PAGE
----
As President Philip Sonntag waited at the airport for his one lone missionary to arrive, his mind was seeking for divine help in the proper placement of a young man with Spanish language ability in a mission where only English was understood. As the passengers started deplaning, President Sonntag spotted his new elder immediately. Maybe it was his gleaming, new white shirt that seemed particularly white compared to the other holidaying passengers. His sparkling attitude set him apart as being very special. He was one of the Lord’s anointed. His steps quickened as he neared the terminal building. He was obviously eager to start his mission. As he approached his mission president, it was with outstretched arms for a warm Mexican abrazo. This was his background, this was his custom even in faraway New Zealand. And then he spoke his first words: “President, I have come here to baptize.”

Now, mission presidents don’t usually release one of their assistants to be a trainer for a new missionary, but when the Spirit prompted President Sonntag for the third time, he was convinced, and Elder Keung, an outstanding young man of Chinese and Maori parentage, was made available to form this “League of Nations” companionship.

Would you believe that not more than three weeks later President Sonntag was informed that the two had contacted what was perhaps the only family on the south island of New Zealand who could speak nothing but Spanish? This Chilean family, newly arrived in New Zealand, needed the Church. They needed Elder Anguiano, and the Lord answered that need through a living prophet. Not only that, but word has now come that more than one hundred other families from Chile are currently in the process of immigrating to New Zealand, and Elder Anguiano is anxiously waiting with his newly baptized family to start the friendshipping and teaching process.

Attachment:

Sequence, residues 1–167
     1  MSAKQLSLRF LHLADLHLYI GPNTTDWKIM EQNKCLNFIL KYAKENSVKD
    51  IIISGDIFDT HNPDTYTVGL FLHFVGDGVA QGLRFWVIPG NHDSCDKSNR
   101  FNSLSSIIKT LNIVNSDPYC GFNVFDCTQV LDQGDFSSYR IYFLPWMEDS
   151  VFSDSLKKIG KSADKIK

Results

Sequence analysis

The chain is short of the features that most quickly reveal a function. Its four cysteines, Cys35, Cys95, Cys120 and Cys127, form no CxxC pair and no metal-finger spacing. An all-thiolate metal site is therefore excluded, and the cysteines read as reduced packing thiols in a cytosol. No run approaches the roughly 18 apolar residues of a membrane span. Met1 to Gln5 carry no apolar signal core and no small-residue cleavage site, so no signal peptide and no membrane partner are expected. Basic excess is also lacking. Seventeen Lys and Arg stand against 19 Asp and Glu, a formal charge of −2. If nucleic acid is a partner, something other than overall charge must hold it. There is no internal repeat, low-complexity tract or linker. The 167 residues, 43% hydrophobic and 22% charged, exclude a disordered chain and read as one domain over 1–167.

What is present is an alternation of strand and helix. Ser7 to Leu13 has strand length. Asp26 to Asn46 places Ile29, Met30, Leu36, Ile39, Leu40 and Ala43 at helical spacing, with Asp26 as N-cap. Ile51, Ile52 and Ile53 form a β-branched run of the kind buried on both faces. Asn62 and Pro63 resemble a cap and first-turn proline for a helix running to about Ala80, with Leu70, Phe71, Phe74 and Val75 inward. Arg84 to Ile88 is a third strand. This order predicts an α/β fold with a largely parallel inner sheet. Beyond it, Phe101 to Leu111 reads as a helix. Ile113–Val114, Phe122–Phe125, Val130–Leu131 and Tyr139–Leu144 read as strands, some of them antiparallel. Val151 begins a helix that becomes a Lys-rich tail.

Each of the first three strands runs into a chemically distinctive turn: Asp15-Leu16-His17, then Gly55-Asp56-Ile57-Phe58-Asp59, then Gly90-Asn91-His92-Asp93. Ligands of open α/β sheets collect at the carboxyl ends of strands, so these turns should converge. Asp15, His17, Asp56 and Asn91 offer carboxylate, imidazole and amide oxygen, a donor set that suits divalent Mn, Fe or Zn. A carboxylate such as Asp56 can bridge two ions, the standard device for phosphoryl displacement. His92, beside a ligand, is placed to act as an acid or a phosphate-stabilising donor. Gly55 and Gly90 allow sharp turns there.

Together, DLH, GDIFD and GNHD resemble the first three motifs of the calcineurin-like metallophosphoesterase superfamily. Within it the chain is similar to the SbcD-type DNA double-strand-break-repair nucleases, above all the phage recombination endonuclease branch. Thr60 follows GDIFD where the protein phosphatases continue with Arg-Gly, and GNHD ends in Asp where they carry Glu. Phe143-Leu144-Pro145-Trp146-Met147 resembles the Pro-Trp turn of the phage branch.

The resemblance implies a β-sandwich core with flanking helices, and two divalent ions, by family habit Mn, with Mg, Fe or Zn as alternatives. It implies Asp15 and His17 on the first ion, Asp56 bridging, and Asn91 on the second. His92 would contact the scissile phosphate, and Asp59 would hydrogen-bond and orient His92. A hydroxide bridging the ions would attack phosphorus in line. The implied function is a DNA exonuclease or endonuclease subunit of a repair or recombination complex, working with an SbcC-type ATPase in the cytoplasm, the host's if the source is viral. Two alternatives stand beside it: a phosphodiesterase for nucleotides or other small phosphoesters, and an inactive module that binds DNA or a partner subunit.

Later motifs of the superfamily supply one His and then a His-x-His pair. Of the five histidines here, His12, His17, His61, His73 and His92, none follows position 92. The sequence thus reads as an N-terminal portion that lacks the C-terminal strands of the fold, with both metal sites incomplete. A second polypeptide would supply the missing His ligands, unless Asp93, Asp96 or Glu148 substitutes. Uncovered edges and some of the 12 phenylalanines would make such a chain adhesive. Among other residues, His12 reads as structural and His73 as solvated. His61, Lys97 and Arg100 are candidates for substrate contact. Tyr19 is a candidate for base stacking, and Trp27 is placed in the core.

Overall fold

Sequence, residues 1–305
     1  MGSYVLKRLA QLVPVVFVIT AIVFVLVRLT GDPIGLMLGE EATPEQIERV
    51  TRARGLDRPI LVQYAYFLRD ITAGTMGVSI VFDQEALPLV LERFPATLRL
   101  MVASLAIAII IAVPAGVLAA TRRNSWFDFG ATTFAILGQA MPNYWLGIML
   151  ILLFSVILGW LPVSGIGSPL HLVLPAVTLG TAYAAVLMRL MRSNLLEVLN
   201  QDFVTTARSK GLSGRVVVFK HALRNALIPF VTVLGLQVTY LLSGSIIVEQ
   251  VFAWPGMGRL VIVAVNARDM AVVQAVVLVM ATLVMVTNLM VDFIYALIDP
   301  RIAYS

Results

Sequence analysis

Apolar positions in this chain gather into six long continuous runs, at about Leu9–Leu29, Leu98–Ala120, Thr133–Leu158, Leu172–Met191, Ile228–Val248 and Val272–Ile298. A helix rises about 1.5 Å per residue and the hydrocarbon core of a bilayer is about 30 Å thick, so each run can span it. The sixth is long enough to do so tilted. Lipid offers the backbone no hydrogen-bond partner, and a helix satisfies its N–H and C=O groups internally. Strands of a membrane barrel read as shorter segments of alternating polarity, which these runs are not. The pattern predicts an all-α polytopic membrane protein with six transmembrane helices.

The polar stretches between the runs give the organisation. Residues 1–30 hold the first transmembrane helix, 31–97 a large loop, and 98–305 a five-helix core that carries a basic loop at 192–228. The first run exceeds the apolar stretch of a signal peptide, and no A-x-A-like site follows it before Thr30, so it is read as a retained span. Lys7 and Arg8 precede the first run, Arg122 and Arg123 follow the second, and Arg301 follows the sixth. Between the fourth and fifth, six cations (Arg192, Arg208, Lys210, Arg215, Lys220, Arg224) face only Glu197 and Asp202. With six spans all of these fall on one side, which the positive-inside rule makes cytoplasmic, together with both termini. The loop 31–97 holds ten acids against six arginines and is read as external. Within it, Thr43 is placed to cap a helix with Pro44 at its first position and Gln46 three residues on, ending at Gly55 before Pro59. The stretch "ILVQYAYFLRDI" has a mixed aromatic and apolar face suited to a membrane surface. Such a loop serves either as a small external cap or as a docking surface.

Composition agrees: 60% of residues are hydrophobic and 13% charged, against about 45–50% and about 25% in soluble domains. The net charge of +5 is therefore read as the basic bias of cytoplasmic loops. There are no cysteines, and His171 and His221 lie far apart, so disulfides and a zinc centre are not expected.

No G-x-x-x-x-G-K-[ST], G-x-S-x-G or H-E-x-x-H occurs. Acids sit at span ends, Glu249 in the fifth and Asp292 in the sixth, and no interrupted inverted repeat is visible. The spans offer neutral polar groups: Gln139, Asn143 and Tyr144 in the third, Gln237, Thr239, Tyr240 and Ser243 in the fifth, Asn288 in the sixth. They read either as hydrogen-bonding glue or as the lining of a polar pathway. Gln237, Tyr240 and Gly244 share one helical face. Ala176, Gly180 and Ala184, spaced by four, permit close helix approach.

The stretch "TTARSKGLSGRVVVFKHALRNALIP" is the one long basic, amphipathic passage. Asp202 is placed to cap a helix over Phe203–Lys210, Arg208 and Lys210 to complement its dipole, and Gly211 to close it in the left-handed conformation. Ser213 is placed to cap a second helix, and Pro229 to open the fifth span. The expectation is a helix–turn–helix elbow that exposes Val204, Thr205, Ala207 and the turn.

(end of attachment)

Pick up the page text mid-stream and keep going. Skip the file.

The Lord is in charge of this work! You and I are involved in a divine process that involves the salvation of Heavenly Father’s children wherever they may be. We must prepare now so the prophet will not be restricted in what he has been given to do.

Our greatest challenge as missionaries will be to lift people up, to literally remove them from the ways of the world—a world that is being rocked with immorality, weakened by unclean thoughts, eroded by selfishness, and riddled with human pride. May virtue garnish our thoughts unceasingly; then our confidence will be strong in His service. (See D&C 121:45.) We first must take ourselves out of the world as much as we can; then, standing on higher ground, we can reach out; we can lift up; we can then teach the truth. It shouldn’t matter when the call comes. It shouldn’t matter where we are asked to go. It may be within the ward, it could be halfway around the world; but as the Savior said during His most trying hour, “Father, … not my will, but thine, be done.” (Luke 22:42.) I wonder if each of us could say that right here tonight: “Not my will, but thine.”

May it be so, I pray, for in this great priesthood assemblage tonight are those foreordained to be the hope of the world; and I so declare it as my personal testimony, and I do it in the name of Jesus Christ. Amen.